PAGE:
Contributing to Cleaner Water & Energy

Posted by Playa Viva on November 27, 2019

Contributing to more abundant water and energy sources is a Core Value at Playa Viva.

We live next to the sea, and at times of the year the river here is so full it carves new paths in the landscape as water forces its way across fields and forests.

During our two rainy months, you’ll find families bathing and washing clothes in the river that meanders through our community. And then, the rivers dry up, the leaves fall from the trees and the tropical landscape turns to desert. And we wait. We wait for the rains to start. 


Decades ago people knew the water cycles. 

Decades ago people knew the water cycles. They knew to plant corn on May 15 because the first rains came on May 16. They grew a large diversity of crops and fed their families from their fields because the rain was all but guaranteed. They fished in year round ponds. They did not question if there was enough water to wash their clothes, their dishes and their bodies all in the same day. 

the rivers dry up… the tropical landscape turns to desert. And we wait. We wait for the rains to start. 

Today, we talk about water in a different way. We are hyper aware that this part of the Costa Grande region receives about half of the rain water it did ten years ago. We think critically and collaboratively about ways to store water through the long dry months. We are designing landscapes to help slow, spread and sink rainwater in order to hold it in the soil and move it through plant systems. When we decide to invest in water catchment systems in town, community members come together to identify the families and households in the most need of access to clean water.  


Water & Energy Regeneration Training Station

During our recent staff environmental training session we took a deep-dive into one of Playa Viva’s Core Values – contributing to more abundant water and energy sources. In three rotating groups we spent time discussing what we can do as individuals, as a small community, and as members of a regenerative hotel to conserve water and responsibly use energy. There are practices and systems in place at Playa Viva that are intentionally simple and easy to replicate in communities and households as small as Juluchuca and Rancho Nuevo. For example, grey water is captured from showers and handwashing stations and fed back into the ecosystem around each room at the hotel.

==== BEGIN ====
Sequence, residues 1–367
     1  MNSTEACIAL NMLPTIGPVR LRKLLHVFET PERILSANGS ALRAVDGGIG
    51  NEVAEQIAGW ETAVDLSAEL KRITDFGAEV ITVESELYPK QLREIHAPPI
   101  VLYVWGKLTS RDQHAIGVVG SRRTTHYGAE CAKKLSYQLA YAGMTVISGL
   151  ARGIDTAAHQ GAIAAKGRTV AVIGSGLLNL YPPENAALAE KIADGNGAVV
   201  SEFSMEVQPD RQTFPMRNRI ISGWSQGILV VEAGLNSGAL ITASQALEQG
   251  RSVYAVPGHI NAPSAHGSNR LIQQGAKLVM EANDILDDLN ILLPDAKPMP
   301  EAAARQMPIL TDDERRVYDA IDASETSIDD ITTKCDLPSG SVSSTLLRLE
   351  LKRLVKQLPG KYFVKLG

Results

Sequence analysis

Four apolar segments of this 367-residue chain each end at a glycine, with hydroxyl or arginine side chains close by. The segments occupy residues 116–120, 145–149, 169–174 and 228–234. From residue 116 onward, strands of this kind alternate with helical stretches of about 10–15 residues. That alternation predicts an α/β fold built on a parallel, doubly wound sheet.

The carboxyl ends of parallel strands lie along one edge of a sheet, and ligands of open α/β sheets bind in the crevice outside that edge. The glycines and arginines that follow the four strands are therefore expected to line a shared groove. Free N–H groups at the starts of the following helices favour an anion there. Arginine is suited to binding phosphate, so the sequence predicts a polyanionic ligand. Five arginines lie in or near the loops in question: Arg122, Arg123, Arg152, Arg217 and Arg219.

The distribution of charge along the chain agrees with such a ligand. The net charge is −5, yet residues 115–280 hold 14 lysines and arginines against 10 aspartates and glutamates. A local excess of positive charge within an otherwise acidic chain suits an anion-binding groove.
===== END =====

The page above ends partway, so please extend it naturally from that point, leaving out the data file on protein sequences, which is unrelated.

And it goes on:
There are practices and systems in place at Playa Viva that are intentionally simple and easy to replicate

The environmental training and interactive workshop gave staff members from all departments the opportunity to ask questions about the systems with which they work so closely. For us, the more people that understand the grease traps, solar panels, biodigesters and grey water oases, the more attention each of these systems will receive. As we create opportunities for our staff to participate in regenerative practices, we can help feed their desire to be ambassadors of sustainability in their own community. 

During the workshop we presented three systems used at Playa Viva which contribute to regenerative energy and water systems – banana circles, grey water oases, and solar electricity. The team was eager to know how the systems worked. Everyone spoke. They either contributed what they knew, asked if what they thought they knew was correct, or asked questions to find the answers they had long been wondering. We were motivated by each other. Some people commented that they “want to do more to preserve the resources around us, but [they] do not know how and do not want to do it alone.” Others asked questions about replicating some of the water management designs in their own homes. 

The importance of respecting one’s natural resources, caring for one’s neighbors, and one’s own health are values that transcend geography & generations.

These workshops are a starting point for Playa Viva. They are a space where we learn what it is we do not know and how to find, share and use the desired knowledge. Next steps for us could look like additional and more frequent regeneration stations and staff workshops; we can leave the roundtable discussion environment and observe and discuss the water and solar systems in the field, where they capture energy and create closed-loop systems. 

Amanda Harris is the Permaculture Manager at Playa Viva.  Originally from Maryland, she made her way to Juluchuca by way of Nicaragua, Costa Rica, Southeast Asia, and most recently, a beautiful, diversely planted “holler” in West Virginia.